Month: May 2014

Monday Morning Muse: Georgiana, The Duchess of Bedford

This oil painting, Georgiana, The Duchess of Bedford, at a Window, by British artist Edwin Henry Landseer joined the collection in 1978.

1978_112Landseer, a child prodigy, studied with Benjamin Haydon and became an Associate of the Royal Academy at 24. He was best known for his animal paintings favored by Queen Victoria. The Duke of Bedford was a personal friend and an early art patron. Landseer, a frequent guest at his home, Woburn Abbey, often drew and painted his young second wife, Georgiana. Her intimate friendship with Landseer lasted from 1823 until her death in 1853 and he is considered the father of her two younger children.

image source: Georgiana, The Duchess of Bedford, at a Window


From the Collection: Elephants

Since the stone age, when elephants were represented by ancient petroglyphs and cave art, they have been depicted in the arts in various forms, including pictures, sculptures, music, film, and even architecture. (These days, some elephants are even artists themselves!) The following images of elephants from the collection span various mediums, cultures, and historical periods.

PR-1940-1Elephant Act

2004_189Dbutsuen” (The Zoo) from the series “Kodomo fuzoku (children’s customs)

S-1940-4_view_1Elephant du Senegal (Running Elephant)

INV_1991_96Untitled jungle scene with animals

1955-160Elephant Hunt


2008-23Elephas / Abgerichter Elephant / Elephant dressé / Familia V Fünffhufige

The following works are from the collections of the Smith College Museum of Art, the Hampshire College Art Gallery, and the Mount Holyoke College Art Museum:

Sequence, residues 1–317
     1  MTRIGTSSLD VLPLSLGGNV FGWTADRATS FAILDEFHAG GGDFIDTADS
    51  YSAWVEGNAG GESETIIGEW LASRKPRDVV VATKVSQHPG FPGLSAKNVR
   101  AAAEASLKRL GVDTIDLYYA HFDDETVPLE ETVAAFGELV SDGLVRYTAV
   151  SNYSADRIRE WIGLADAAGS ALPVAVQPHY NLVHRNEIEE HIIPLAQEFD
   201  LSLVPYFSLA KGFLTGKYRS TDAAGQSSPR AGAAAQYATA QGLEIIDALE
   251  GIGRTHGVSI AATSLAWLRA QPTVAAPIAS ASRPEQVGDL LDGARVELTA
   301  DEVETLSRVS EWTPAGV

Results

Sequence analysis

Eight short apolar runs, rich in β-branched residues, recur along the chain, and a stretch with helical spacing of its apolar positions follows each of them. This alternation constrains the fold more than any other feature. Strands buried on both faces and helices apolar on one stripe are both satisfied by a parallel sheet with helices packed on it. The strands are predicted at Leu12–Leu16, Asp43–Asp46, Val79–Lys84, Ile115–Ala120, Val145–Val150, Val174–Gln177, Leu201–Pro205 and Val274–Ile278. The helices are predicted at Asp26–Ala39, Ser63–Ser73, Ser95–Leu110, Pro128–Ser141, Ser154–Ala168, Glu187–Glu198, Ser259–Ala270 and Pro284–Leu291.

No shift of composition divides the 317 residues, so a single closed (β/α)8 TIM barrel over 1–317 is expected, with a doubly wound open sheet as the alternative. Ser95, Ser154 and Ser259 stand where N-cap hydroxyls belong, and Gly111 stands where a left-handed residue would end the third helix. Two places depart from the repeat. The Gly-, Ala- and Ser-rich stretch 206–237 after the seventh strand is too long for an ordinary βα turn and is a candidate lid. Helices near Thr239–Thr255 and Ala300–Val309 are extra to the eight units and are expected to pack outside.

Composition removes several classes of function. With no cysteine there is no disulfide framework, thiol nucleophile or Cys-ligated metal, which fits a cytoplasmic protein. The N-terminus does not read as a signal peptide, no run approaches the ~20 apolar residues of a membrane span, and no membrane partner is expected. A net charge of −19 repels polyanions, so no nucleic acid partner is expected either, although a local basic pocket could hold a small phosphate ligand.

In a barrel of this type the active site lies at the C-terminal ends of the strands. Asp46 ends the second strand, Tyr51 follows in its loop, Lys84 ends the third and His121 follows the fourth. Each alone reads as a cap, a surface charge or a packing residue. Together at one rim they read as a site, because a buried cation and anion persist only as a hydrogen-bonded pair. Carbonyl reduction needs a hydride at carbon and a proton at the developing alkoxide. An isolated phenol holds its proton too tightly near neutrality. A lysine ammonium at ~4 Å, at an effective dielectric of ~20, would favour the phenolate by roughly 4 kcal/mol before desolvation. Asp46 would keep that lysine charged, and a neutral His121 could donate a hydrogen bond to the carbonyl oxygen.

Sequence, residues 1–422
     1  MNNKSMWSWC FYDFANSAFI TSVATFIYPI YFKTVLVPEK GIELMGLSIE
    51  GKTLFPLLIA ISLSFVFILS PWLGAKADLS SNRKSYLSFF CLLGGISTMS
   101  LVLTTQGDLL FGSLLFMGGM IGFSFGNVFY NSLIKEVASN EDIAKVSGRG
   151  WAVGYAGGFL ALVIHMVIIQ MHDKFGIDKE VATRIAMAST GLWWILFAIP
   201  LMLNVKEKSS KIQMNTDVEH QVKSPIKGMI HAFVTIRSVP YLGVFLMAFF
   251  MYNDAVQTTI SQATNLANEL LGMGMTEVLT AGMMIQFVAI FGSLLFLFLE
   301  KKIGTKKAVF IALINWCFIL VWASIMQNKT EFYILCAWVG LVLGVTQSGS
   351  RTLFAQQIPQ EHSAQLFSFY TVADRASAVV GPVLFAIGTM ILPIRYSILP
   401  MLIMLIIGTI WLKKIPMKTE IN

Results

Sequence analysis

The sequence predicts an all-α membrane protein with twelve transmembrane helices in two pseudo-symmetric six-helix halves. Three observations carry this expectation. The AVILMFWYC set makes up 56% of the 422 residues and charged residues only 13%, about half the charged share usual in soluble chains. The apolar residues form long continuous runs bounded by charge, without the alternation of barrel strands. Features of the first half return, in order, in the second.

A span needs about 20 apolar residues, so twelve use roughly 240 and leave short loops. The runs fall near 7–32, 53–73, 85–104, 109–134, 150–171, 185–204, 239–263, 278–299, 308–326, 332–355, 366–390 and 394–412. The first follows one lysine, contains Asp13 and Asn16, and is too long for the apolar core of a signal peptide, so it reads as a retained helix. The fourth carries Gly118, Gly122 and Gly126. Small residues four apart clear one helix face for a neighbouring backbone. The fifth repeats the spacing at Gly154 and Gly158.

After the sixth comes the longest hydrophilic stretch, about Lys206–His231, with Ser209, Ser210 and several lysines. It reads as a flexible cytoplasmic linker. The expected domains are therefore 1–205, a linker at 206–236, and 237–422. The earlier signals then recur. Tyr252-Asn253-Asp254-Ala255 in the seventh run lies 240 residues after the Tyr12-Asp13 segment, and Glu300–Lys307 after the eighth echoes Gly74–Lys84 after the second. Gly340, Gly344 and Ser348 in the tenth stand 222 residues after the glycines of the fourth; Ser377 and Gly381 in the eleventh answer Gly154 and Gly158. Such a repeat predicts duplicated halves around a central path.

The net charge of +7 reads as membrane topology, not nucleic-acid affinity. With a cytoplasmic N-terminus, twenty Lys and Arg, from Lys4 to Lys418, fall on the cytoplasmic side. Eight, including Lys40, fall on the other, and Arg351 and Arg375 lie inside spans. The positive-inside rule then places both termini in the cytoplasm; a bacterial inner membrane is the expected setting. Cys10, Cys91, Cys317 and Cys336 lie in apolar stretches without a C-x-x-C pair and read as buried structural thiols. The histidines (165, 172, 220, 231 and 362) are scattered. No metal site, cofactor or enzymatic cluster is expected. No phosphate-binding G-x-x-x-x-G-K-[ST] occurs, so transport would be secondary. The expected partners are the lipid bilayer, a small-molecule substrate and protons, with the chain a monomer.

1982_38_324Elephant with two natives in foreground, iron bridge across river in background….

2004_20_167rCoin; Denarius of Julius Caesar

2012_52_aTobacco Pipe

Frank,-Jonathan---Elephant-#3Elephant #3

mh_1943_156_i_b_pi_v1_01Dumbo, The Circus Elephant


mh_1996_3_v1Dancing Ganesha

For even more images of elephants from the collection, visit the database.

From the Collection: No Up No Down

This colorful work by Japanese artist Ay-O joined the collection in 2010.

In this artist’s proof, Ay-O explores subject matter typical of his oeuvre: animals. Such subjects have a long tradition in Japanese printmaking, especially the genre of kacho-e (flower and bird pictures). The title of this work also references the artist’s participation in the Fluxus movement, with its emphasis on the indeterminate nature of the art object and the playful potential of language. While “No Up No Down” is the English title, the artist has added other notations in Japanese, in yellow ink. Along the bottom we read, “A conversation of two birds flying abreast,” which could also be translated as “A conversation of a happily married couple,” a recurrent theme in the artist’s work. The text on the left margin says, “This work has no subordinate side,” indicating that this work could be displayed in any orientation, with no true up and no true down.

The work is on view through June 29 in the New Arrivals exhibition.

image source: No Up No Down